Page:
Publishers share five top tips to integrate technology more intelligently in your organisation
Published: 20 Sep 2022
Technology evolves rapidly – faster, perhaps, than digital publishers can incorporate new solutions into their tech stacks. It takes a certain amount of time to identify which new providers are offering a long-tail solution, evaluate the cost against the benefits, and start the process of integrating the tech into your organisation. By which time there may well be a shinier, newer solution promising to deliver above and beyond.
With so much change, publishers need to be smart about which tech solutions they invest in. Ahead of Publishing Tech Talk this October 10-13, we reached out to our speakers to discover their ideas for how publishers can integrate technology into their organisation more intelligently.
“Overcommunicate!” stressed Lauren Dick, Director, Business Development at Mail Metro Media. Despite the need to embrace automation and technology, there’s still a need for human intelligence – both to ensure that the technology continues to function seamlessly and to ensure that the technology is harnessed across all areas and teams of an organisation. Being clear about the use case and benefits for integrating a new technology into the organisation can head off future problems down the line.
Steve Wilson-Beales, Head of SEO & Editorial Product at Global, reminded us of the importance of involving the inhouse stakeholders in all the key meetings: if someone is going to be responsible for utilising a technology, they should be a part of the process from the very outset. This early engagement will avoid potential conversations down the line about the benefits and also ensure that the relevant leaders can begin making gradual changes in their work to allow for a smooth transition once the technology has been fully activated.
By involving the core users in the conversations, you might identify new use cases.. “For publishers, there is often a huge list of strategic initiatives they could be developing at any given time,” shared Lauren. “Often a simple conversation will surface additional ideas or use cases for a given technology or solution, making it even more valuable for the business to adopt.”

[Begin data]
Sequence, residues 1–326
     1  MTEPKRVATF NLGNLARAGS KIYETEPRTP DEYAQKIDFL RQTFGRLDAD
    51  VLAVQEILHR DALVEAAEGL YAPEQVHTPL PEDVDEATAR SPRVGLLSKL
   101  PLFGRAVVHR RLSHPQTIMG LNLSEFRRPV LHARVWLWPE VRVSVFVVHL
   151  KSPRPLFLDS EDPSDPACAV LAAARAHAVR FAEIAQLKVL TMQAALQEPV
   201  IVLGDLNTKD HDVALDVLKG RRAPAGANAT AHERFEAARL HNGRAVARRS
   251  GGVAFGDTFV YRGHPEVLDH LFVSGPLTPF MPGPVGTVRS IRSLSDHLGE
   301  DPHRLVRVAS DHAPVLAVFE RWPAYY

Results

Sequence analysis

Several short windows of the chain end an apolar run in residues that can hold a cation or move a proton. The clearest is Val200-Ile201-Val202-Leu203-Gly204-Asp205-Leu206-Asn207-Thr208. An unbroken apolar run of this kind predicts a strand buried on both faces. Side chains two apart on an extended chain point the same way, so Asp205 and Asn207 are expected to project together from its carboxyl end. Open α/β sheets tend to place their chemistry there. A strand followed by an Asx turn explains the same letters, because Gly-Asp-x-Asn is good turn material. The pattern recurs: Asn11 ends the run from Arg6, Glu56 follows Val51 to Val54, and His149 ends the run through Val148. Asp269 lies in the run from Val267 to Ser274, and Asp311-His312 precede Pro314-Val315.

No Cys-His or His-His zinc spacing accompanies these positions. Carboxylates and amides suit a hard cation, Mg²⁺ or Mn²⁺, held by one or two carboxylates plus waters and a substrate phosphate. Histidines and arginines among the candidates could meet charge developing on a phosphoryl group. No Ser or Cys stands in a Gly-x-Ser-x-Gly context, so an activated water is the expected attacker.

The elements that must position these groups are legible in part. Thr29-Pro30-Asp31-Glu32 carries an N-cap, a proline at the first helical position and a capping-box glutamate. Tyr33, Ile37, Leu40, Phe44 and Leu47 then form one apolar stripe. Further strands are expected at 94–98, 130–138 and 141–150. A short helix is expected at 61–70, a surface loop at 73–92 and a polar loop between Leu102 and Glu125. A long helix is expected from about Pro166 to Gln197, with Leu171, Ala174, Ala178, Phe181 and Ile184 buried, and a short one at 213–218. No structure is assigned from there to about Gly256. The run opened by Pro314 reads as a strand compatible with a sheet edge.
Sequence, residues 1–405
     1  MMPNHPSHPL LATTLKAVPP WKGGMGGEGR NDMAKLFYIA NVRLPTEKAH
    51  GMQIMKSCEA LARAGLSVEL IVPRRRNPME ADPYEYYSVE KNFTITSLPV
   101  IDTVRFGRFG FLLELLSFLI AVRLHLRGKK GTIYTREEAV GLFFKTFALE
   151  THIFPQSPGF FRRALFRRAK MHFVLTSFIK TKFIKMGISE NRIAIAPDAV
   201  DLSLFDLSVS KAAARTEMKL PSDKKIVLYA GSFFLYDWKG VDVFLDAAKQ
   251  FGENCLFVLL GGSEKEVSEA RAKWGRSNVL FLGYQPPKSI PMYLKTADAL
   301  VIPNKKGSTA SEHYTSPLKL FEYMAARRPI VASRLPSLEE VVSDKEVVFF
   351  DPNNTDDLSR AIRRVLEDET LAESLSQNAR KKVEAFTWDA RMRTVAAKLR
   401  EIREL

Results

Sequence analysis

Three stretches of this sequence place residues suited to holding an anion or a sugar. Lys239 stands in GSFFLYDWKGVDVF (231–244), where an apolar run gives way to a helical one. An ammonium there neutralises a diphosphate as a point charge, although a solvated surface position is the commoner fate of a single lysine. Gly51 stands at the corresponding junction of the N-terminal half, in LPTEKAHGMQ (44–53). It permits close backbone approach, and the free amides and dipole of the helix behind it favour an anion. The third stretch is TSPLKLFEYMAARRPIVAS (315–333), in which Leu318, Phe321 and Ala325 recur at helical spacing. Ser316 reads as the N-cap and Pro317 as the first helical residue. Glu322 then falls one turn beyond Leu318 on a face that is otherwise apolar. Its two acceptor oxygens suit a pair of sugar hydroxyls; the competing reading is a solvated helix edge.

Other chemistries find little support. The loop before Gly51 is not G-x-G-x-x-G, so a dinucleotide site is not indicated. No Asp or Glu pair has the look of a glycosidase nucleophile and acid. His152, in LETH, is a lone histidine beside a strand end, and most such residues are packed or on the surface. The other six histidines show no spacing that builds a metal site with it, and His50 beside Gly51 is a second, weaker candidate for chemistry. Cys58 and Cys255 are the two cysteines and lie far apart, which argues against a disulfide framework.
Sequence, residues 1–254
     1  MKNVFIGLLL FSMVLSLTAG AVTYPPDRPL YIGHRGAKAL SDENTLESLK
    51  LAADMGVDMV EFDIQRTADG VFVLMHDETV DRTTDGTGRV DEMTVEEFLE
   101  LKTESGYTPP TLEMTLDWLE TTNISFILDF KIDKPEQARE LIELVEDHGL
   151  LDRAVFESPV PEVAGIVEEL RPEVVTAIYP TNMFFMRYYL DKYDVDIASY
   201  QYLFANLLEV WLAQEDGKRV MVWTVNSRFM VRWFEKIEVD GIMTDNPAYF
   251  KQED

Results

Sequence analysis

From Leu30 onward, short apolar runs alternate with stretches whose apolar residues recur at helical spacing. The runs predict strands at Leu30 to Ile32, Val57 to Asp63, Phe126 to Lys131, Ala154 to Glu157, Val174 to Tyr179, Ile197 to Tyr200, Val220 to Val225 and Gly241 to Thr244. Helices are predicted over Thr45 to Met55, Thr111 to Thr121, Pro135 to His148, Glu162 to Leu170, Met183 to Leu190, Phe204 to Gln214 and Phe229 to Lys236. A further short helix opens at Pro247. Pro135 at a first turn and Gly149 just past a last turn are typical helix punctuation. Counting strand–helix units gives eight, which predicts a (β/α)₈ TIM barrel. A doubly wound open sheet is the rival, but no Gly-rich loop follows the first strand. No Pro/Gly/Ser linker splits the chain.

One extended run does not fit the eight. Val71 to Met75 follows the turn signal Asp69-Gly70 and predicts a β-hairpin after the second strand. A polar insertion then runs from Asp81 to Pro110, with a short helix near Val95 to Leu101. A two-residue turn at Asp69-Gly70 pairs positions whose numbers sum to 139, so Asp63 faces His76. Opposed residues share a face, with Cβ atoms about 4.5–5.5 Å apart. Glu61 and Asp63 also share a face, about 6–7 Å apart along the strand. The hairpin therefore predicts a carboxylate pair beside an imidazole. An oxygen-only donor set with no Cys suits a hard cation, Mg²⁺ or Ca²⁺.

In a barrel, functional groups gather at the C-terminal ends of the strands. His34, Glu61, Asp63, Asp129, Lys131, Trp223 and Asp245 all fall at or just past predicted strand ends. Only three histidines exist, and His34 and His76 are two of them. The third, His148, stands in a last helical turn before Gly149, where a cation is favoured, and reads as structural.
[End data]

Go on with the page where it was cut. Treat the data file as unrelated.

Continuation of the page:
The other advantage to starting communication early with the relevant stakeholders? They have the time to start building the capabilities into their team or reprioritising resources if needed. “One of the biggest failures I see in the industry – particularly on the SEO front – is companies signing up to big external enterprise solutions without considering that outsourcing still requires inhouse resource to manage and monitor,” Steve Wilson-Beales explained.
Without proper consideration, it can be very easy for tools to be underutilised or missing the initial work required to get the tool up and running. “Invest in capability to get the most out of any technologies you implement,” advised Steve. “Dedicated capability and focus is a game changer.”
There’s a temptation to go for breadth rather than depth in order to cover all your bases. However, while it’s important to test and explore a variety of options to guarantee that you have the best solution for your requirements, keeping your technology stack simple will avoid a lot of stress in the long-term. “Once you have found the best solution for you, think about cutting back on others, and leaning into a primary goal,” recommended Daniel Powell-Rees, Global Head of Revenue Yield Management & Operations at Economist Impact